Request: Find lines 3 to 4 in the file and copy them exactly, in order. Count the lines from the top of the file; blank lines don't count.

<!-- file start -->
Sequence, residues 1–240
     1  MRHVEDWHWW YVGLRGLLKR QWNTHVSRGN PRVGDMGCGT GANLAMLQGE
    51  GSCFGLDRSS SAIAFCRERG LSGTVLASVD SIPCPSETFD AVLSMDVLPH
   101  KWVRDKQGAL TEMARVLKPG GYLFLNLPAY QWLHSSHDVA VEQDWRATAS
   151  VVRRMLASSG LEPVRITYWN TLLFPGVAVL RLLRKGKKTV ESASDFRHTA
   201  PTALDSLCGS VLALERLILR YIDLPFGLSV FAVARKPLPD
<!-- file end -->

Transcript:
    51  GSCFGLDRSS SAIAFCRERG LSGTVLASVD SIPCPSETFD AVLSMDVLPH
   101  KWVRDKQGAL TEMARVLKPG GYLFLNLPAY QWLHSSHDVA VEQDWRATAS